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Fair Tree Connection Games with Topology-Dependent Edge Cost

Authors Davide Bilò , Tobias Friedrich , Pascal Lenzner , Anna Melnichenko , Louise Molitor

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Davide Bilò
  • Department of Humanities and Social Sciences, University of Sassari, Via Roma 151, 07100 Sassari (SS), Italy
Tobias Friedrich
  • Hasso Plattner Institute, University of Potsdam, Prof.-Dr.-Helmert-Straße 2-3, 14482 Potsdam, Germany
Pascal Lenzner
  • Hasso Plattner Institute, University of Potsdam, Prof.-Dr.-Helmert-Straße 2-3, 14482 Potsdam, Germany
Anna Melnichenko
  • Hasso Plattner Institute, University of Potsdam, Prof.-Dr.-Helmert-Straße 2-3, 14482 Potsdam, Germany
Louise Molitor
  • Hasso Plattner Institute, University of Potsdam, Prof.-Dr.-Helmert-Straße 2-3, 14482 Potsdam, Germany


We thank Warut Suksompong for many interesting discussions. Moreover, we are grateful to our anonymous reviewers for their valuable suggestions. This work has been partly supported by COST Action CA16228 European Network for Game Theory (GAMENET).

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Davide Bilò, Tobias Friedrich, Pascal Lenzner, Anna Melnichenko, and Louise Molitor. Fair Tree Connection Games with Topology-Dependent Edge Cost. In 40th IARCS Annual Conference on Foundations of Software Technology and Theoretical Computer Science (FSTTCS 2020). Leibniz International Proceedings in Informatics (LIPIcs), Volume 182, pp. 15:1-15:15, Schloss Dagstuhl - Leibniz-Zentrum für Informatik (2020)


How do rational agents self-organize when trying to connect to a common target? We study this question with a simple tree formation game which is related to the well-known fair single-source connection game by Anshelevich et al. (FOCS'04) and selfish spanning tree games by Gourvès and Monnot (WINE'08). In our game agents correspond to nodes in a network that activate a single outgoing edge to connect to the common target node (possibly via other nodes). Agents pay for their path to the common target, and edge costs are shared fairly among all agents using an edge. The main novelty of our model is dynamic edge costs that depend on the in-degree of the respective endpoint. This reflects that connecting to popular nodes that have increased internal coordination costs is more expensive since they can charge higher prices for their routing service. In contrast to related models, we show that equilibria are not guaranteed to exist, but we prove the existence for infinitely many numbers of agents. Moreover, we analyze the structure of equilibrium trees and employ these insights to prove a constant upper bound on the Price of Anarchy as well as non-trivial lower bounds on both the Price of Anarchy and the Price of Stability. We also show that in comparison with the social optimum tree the overall cost of an equilibrium tree is more fairly shared among the agents. Thus, we prove that self-organization of rational agents yields on average only slightly higher cost per agent compared to the centralized optimum, and at the same time, it induces a more fair cost distribution. Moreover, equilibrium trees achieve a beneficial trade-off between a low height and low maximum degree, and hence these trees might be of independent interest from a combinatorics point-of-view. We conclude with a discussion of promising extensions of our model.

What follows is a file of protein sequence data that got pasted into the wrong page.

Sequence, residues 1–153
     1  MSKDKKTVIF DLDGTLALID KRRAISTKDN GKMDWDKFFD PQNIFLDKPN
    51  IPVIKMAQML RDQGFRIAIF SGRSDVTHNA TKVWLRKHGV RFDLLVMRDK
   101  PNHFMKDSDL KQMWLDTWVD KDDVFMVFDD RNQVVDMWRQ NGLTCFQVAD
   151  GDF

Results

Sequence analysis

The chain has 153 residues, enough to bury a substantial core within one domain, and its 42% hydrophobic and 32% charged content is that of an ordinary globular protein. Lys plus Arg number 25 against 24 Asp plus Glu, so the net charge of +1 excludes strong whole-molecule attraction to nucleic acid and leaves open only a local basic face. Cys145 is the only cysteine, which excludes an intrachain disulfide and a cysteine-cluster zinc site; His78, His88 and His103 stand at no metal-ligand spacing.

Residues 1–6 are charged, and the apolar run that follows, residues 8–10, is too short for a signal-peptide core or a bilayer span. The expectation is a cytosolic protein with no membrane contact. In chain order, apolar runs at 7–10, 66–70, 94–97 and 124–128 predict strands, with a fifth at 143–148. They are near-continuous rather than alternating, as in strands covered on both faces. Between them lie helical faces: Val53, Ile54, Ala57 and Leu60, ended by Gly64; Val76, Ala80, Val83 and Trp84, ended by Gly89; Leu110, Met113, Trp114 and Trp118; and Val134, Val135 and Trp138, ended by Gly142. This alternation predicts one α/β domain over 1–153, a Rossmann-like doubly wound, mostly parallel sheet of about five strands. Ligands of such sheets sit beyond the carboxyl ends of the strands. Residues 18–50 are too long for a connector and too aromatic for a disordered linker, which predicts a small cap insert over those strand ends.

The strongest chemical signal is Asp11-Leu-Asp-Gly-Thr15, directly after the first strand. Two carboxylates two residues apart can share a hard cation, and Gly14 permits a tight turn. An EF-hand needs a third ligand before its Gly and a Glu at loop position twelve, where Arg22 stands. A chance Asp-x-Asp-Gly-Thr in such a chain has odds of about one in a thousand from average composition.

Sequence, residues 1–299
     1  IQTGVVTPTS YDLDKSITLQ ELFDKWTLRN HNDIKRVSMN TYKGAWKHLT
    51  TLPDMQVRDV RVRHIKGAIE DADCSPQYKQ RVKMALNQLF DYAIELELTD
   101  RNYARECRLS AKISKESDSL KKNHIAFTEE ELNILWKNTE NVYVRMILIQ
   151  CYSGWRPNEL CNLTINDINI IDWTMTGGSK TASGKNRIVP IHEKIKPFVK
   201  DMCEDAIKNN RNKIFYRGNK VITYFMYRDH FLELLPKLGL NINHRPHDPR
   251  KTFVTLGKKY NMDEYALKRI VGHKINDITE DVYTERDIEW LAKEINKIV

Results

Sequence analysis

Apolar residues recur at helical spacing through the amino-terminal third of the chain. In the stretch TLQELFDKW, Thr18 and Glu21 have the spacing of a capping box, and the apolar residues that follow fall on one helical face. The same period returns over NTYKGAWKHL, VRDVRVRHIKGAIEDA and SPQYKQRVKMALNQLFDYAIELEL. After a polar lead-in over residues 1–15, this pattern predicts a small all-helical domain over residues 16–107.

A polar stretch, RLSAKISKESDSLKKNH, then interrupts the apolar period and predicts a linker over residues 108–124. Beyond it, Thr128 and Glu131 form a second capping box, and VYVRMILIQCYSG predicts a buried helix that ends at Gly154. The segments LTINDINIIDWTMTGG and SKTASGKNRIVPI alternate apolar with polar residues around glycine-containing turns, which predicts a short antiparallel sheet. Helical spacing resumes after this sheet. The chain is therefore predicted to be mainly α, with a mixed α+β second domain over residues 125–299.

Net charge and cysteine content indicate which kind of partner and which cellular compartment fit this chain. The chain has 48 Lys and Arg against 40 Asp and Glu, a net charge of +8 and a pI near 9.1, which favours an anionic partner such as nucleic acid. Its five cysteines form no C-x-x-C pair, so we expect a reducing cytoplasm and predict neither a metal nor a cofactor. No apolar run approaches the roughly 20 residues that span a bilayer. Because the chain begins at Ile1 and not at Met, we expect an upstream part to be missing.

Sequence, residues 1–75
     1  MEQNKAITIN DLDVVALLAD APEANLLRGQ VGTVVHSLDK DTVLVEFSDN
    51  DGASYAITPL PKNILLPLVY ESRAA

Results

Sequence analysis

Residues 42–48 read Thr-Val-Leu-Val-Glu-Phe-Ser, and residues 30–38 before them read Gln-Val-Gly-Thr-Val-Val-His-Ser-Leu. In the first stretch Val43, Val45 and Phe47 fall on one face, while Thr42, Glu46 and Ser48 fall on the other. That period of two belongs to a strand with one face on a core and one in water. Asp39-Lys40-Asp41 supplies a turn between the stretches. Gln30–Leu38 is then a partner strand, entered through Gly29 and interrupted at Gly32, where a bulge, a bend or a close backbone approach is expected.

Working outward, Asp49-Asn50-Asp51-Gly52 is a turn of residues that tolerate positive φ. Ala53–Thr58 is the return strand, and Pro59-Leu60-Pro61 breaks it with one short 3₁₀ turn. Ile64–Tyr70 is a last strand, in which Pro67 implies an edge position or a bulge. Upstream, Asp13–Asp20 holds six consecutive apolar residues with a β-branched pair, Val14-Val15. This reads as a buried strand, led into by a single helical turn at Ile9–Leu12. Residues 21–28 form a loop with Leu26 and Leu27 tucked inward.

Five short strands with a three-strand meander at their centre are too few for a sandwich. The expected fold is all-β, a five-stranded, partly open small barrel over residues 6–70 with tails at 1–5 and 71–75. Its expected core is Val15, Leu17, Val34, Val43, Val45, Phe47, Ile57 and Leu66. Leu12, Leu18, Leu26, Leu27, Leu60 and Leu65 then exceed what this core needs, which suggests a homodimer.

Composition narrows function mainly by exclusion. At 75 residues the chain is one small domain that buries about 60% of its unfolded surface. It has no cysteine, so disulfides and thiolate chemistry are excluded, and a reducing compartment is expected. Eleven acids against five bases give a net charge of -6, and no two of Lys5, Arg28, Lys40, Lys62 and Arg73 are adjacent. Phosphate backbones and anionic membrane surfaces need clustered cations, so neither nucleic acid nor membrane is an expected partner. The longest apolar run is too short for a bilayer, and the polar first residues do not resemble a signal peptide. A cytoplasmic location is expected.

Subject Classification

ACM Subject Classification
  • Theory of computation → Algorithmic game theory
  • Theory of computation → Quality of equilibria
  • Theory of computation → Convergence and learning in games
  • Theory of computation → Network formation
  • Network Design Games
  • Spanning Tree Games
  • Fair Cost Sharing
  • Price of Anarchy
  • Nash Equilibrium
  • Algorithmic Game Theory
  • Combinatorics


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